It was a good thing that Gus
was feeling the way he did, because right at that moment a shiny new
two-door sedan rolled up to a stop and as the right door popped open Gus
recognized the bulbous, overdressed figure of Mrs. Miller, the town's most
talkative woman. Anyone had to be feeling chipper to take her.
"Oh, Mr. Wilson," she all but
sang, "so glad you're here and not just one of your men. I've brought
a customer for you. He's been having all sorts of nasty trouble with
his car and I've told him there's no one like our Mr. Wilson when it comes
to fixing automobiles."
As Mrs. Miller prattled on, Gus
noticed a pleasant - looking, middle-aged man slide out from behind the
wheel of the car and walk toward them.
A Long-Winded Introduction
"Tom," Mrs. Miller burbled,
"this is Gus Wilson. Gus this is Tom Wilkins. Tom and his wife
are old friends of mine from my old hometown. They've been off on a
fall vacation trip and stopped by to see Henry and me for a few days.
They want to get an early start back tomorrow morning and there's something
or other Tom wants done on the car before they leave. Tom, you tell
Mr. Wilson about it."
"Well, it's.. "Tom began, but
that was as far as he got.
"Gus does amazing things," Mrs.
Miller gushed. "Why, about four years ago we were having all sorts of
difficulties with our carburetor, or was it the transmission? Well,
anyway, he.. "
For the next five minutes Mrs.
Miller held forth with a story about how Gus once had made a minor and
obvious repair on an ancient Rolls-Royce the Millers had owned before they
got their present car. Gus, bored, just puffed on his pipe. He
knew better than to try and stem the flood of words once Mrs. Miller got
"Now let's get around to your
trouble, Mr. Wilkins," Gus put in at the first lull.
"Well, as I started to say,"
Tom Wilkins began again, "it isn't much of a trouble, it's just that my hand
brake doesn't hold and I don't want to start the trip home without it.
I was wondering if I could leave the car with you tonight and pick it up
early in the morning?"
"Oh, Tom, I do wish you and
Bessie didn't have your hearts so set on such an early start," Mrs. Miller
broke in. "I did so want you to meet Mrs. Thompson and her two young
daughters, and they're coming over for lunch tomorrow."
"What time did you want to get
started, Mr. Wilkins?" Gus asked, ignoring Mrs. Miller as best he could.
"I'd like to make it around six
o'clock if I can," Wilkins replied. "That would put us on the road at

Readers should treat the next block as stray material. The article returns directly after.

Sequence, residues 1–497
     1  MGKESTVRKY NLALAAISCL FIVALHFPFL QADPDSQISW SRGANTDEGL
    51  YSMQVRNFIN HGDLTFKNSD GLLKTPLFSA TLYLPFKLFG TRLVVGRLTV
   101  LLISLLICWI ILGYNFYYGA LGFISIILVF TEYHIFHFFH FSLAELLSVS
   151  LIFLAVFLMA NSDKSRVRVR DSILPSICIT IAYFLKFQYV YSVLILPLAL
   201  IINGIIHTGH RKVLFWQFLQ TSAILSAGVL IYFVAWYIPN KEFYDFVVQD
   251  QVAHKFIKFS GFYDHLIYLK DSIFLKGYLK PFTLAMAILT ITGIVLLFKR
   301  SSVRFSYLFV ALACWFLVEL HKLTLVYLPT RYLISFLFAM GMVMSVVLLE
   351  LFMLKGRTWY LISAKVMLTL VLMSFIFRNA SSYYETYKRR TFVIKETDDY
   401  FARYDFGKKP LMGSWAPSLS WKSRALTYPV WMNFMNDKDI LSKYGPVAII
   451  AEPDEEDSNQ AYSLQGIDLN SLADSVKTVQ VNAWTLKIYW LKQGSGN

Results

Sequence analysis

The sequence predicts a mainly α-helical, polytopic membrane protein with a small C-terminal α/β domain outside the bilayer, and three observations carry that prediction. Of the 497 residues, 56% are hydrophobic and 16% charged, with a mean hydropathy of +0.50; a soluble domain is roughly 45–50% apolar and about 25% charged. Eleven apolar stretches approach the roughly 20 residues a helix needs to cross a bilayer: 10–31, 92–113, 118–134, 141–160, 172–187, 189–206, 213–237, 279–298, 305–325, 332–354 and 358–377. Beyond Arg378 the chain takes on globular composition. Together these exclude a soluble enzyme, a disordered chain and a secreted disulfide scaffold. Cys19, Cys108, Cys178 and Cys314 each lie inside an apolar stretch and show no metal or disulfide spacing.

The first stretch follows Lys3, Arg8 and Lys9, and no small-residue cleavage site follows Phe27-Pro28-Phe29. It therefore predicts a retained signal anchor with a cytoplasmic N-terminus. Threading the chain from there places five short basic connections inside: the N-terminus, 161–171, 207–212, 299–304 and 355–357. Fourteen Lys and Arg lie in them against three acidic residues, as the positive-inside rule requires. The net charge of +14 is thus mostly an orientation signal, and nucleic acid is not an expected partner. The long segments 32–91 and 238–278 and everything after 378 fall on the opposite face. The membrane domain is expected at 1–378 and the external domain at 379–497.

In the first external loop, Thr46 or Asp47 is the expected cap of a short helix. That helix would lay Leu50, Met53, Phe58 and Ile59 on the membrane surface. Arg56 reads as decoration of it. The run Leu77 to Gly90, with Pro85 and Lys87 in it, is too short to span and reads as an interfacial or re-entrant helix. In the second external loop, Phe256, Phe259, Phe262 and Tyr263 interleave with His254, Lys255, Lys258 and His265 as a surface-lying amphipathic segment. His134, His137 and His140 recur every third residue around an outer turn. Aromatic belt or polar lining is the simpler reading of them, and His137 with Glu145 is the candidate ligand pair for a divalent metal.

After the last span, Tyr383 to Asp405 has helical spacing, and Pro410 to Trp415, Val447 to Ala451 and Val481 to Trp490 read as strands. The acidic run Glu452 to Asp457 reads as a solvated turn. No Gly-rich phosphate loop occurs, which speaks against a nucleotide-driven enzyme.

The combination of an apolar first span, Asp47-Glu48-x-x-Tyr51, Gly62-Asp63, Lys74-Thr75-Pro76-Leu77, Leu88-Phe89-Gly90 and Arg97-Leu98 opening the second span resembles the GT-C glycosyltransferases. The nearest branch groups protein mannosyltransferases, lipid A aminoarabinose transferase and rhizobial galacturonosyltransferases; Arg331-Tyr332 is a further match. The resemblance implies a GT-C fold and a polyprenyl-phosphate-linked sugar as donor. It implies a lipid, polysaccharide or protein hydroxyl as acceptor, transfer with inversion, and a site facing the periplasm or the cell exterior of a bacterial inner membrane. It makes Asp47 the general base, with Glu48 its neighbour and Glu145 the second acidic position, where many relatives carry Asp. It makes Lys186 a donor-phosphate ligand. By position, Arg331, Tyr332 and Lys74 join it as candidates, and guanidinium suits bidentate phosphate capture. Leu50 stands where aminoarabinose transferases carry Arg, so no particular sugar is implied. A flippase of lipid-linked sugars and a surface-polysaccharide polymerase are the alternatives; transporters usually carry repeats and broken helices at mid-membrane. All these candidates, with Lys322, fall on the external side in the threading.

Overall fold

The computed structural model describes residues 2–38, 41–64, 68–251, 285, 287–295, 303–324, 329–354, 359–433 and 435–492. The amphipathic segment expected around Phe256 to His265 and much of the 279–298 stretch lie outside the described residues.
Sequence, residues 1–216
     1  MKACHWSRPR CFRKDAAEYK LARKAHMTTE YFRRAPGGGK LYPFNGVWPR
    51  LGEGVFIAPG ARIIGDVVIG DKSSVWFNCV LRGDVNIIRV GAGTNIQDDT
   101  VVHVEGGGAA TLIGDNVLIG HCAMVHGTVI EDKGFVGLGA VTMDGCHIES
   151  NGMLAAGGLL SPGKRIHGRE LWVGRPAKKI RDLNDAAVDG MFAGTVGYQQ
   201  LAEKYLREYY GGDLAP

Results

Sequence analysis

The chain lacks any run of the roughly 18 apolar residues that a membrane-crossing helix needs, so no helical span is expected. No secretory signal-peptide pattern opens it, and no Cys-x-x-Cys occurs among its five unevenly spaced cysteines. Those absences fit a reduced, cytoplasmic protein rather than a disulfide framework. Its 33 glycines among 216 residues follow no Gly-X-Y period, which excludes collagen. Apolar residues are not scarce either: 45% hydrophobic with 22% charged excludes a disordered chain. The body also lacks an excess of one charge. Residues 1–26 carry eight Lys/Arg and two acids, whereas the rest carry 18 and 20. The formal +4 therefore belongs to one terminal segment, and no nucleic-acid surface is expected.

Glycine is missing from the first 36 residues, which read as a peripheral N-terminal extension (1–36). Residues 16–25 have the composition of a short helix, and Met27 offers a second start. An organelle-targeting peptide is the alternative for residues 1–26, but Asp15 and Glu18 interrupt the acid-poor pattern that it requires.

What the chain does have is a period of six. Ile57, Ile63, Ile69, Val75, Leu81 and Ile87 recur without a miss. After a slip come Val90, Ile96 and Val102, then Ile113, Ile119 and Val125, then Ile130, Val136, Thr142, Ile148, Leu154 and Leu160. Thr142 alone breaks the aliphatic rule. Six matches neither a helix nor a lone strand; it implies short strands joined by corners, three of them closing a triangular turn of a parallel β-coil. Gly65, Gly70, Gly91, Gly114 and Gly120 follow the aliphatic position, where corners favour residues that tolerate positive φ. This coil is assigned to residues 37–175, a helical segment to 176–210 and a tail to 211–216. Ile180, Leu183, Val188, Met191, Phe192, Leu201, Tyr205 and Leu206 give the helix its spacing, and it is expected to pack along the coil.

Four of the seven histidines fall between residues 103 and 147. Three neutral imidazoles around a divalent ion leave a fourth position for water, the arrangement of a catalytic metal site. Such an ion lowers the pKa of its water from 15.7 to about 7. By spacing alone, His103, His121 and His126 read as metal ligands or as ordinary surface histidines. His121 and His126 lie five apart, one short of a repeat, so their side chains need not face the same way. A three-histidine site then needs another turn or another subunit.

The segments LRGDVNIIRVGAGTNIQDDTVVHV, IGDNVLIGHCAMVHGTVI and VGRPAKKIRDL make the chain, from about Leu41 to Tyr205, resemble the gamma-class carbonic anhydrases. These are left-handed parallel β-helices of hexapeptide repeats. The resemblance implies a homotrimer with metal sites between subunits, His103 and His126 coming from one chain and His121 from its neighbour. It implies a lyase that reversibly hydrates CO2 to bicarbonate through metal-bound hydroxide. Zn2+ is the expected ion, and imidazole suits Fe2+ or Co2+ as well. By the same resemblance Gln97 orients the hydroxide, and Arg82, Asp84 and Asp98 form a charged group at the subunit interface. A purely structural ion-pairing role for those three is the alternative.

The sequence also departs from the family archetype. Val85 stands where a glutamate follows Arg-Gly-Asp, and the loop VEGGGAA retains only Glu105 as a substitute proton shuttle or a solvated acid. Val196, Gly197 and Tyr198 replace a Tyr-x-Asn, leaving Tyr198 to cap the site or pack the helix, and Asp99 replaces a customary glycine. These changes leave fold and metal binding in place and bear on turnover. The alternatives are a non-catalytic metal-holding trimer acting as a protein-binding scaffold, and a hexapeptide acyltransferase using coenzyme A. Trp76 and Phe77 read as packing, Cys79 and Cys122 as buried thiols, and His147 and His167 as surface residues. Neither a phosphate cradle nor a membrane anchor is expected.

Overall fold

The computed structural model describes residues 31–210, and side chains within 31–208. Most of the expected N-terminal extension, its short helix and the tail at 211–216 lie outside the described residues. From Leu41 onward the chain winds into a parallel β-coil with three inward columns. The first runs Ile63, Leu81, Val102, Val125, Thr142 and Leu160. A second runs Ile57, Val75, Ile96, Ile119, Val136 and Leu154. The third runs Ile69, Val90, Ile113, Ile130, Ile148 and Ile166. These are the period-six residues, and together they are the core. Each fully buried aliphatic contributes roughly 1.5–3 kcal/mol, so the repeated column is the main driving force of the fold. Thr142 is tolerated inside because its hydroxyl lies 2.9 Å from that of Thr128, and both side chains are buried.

"We don't open around here
until seven," said Gus, "but I'll tell you what we can do.
You park your car over there just
beyond the shop doors. I won't need the ignition key, so you can take
that with you. I'll fix the brake before I leave tonight and the car
will be right there waiting for you whenever you want to leave in the
Next morning, when Gus drove up
to the garage he was surprised to see Tom Wilkins' car still parked by the
shop doors and even more surprised to see the Wilkins and Mrs. Miller
sitting in the Miller's car parked close by.
Before Gus could get out of his
car, Mrs. Miller had her car window down and was shouting.
"Oh, Mr. Wilson thank goodness
you've come. Something terrible's happened to Tom's car. We've
just been sitting here hoping you'd come soon."
Gus now was more mystified than
ever. The car was all right when he'd left it.
"What seems to be the trouble?"
he asked Tom Wilkins.
"Well, perhaps I'd better go
back a few days so you'll have the whole story from the beginning," Tom
began, as he and Gus, trailed by the ever-present Mrs. Miller, walked toward
"As you can see, my car's
practically brand new. We've only driven it a bit over 3,500 miles,
and everything was going along fine on this trip until we stopped overnight
at a town about 150 miles south of here. The hotel had no garage, so I
had to leave it out overnight in a parking lot."
"How long ago was that?" asked
"Let's see," Wilkins figured.
"We got here last Tuesday, so it must have been Monday night."
"That's right, Tom," chirped
Mrs. Miller, no longer able to stay out of the conversation. "You and
Bessie got to the house just after dusk. I distinctly remember it
because I recall telling Anna, that's our maid, you know, that I did so hope
that you'd arrive in time for dinner."